Let’s quickly review how to troubleshoot a hydraulic pump by looking at common symptoms and discussing the causes -- and whether the issue is even related to the pump.
Here are a few other Shop Talk Blog posts you might find interesting:
- Preventative Maintenance and Compact Equipment
- 7 Quick Tips for Skid Steer Maintenance in Extreme Weather
- Results of Hydraulic Contamination
Just because symptoms emanate from your hydraulic pump doesn't mean you have to get the pump repaired or replaced.
For example, pumps get blamed for pressure loss. But keep in mind that pumps don’t generate pressure: they generate flow, and restrictions to flow cause pressure. So if there is an issue with low pressure, then we know that the pressurized hydraulic fluid found a path of least resistance.
A worn-out pump can be the source of the problem, but that’s not all. Another possibility would be a leak somewhere in the system. And unless there’s been a sudden drop in pressure accompanied by new noises from the pump, a leak is the most likely cause.
Nothing Coming Out of the Pump
If absolutely nothing is coming out of your pump, there can be several reasons:
- The pump driveshaft is broken
- The pump isn’t assembled correctly
- The pump hasn’t been primed (which could be inlet restrictions, not enough oil in the reservoir, or incorrect startup)
- The pump is being driven in the wrong direction
However, not all potential causes for a lack of flow involve the pump. When there is no flow, consider these possible causes as well:
- Not enough fluid in the reservoir
- A clogged inlet line
- A clogged reservoir breather vent
- Dirty filters
No one wants to hear rattling or something similar coming from their hydraulic equipment. We’ve talked about noise in relation to final drive motors, but what about pumps? The most common causes are …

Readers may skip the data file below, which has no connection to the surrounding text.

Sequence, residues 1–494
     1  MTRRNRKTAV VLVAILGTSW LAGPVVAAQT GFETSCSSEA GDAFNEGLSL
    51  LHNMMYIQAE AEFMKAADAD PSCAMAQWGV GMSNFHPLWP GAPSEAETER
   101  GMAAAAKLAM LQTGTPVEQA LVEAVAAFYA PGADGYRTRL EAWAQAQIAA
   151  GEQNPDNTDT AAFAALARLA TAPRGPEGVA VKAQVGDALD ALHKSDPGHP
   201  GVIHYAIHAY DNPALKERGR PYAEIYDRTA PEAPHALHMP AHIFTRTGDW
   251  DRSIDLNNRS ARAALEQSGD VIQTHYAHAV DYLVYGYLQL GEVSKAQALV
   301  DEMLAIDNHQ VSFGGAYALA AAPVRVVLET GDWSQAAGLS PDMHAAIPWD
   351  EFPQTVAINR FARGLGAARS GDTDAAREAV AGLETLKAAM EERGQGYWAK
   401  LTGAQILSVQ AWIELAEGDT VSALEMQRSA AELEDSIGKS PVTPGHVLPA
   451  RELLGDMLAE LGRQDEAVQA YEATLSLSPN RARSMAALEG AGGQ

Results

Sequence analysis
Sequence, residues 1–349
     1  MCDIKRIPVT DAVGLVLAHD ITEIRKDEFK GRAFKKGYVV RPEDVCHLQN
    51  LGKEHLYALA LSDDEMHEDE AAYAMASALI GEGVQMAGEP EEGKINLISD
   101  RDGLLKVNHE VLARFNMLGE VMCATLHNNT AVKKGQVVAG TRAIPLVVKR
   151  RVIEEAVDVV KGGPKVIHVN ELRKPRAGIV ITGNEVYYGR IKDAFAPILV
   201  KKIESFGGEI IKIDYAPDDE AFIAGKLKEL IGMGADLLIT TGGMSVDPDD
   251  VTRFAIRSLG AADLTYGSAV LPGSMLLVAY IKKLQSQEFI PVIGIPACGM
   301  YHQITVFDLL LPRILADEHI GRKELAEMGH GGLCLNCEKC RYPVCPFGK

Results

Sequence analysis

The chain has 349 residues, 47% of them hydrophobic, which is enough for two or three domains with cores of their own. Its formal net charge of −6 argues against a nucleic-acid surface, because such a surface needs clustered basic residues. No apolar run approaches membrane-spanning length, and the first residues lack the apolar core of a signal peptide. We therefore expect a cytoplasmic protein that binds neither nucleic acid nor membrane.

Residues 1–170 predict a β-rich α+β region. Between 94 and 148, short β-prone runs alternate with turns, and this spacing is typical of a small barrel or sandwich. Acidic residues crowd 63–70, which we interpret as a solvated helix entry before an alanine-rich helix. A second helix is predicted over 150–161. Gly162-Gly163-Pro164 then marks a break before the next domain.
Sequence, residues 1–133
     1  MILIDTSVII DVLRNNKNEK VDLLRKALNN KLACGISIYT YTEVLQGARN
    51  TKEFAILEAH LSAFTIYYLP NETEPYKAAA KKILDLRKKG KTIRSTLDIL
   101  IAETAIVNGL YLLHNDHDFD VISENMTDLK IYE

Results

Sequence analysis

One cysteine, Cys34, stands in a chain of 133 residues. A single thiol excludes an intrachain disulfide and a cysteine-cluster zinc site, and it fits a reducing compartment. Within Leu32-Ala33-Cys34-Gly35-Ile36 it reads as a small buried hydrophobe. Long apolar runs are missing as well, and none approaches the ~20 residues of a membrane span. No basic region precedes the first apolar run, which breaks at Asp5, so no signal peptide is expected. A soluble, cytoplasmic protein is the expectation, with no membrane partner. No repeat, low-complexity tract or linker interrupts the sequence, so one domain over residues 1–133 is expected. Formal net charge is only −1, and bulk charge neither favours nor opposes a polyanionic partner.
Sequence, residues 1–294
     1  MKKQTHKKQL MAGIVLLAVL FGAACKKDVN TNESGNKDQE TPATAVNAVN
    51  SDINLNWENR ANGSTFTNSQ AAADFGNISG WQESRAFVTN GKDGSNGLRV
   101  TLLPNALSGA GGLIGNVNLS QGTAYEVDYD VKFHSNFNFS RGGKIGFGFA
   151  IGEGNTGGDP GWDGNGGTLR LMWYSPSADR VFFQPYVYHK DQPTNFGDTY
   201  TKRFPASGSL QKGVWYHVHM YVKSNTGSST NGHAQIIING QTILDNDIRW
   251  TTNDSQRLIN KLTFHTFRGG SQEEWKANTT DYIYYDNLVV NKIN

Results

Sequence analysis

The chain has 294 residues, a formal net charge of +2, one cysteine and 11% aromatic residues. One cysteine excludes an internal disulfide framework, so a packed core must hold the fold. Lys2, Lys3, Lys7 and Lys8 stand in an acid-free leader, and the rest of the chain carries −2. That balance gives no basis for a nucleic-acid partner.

- Air in the system
- Misaligned coupling
- Worn-out parts.
The only one that can be blamed on the pump is a worn-out pump, and while cavitation damages the pump, the pump isn’t the cause. We’ve talked about cavitation before and the serious damage it can cause. For pumps, cavitation is usually caused by a dirty inlet filter or some restriction in the inlet line.
Another problem not directly related to the pump is air in the system. And one of the issues with air is that it prevents lubrication from reaching critical surfaces. This will eventually lead to accelerated wear and premature component failure.
Air can enter a system in several different ways, including
- A loose connection in the inlet
- No hydraulic fluid in the pump when it starts
- Leaking shaft seal
- Low fluid levels in the reservoir
Coupling misalignments can also be problematic, and noise can be caused by parts that have worn out or been damaged.
If your pump runs too hot, that’s not a good thing. Heat means energy is lost, efficiency is going down, and something is wrong.
So let’s go over what can cause excessive heat in the pump. Cavitation, the arch enemy of hydraulic systems, can be one of the causes, and so can air in the fluid. Your pump will also heat up as critical components can become damaged by contamination or simply wear out. Excessive load on the pump can also lead to excessive heat. Finally, don’t forget that overheated hydraulic fluid can significantly contribute to excessive heat in the pump.
If you’re having pump problems, call us at Texas Final Drive, and we’ll try to help you troubleshoot. And if you need a new or reman pump for your SSL, CTL, or mini excavator, we can help you with that, too.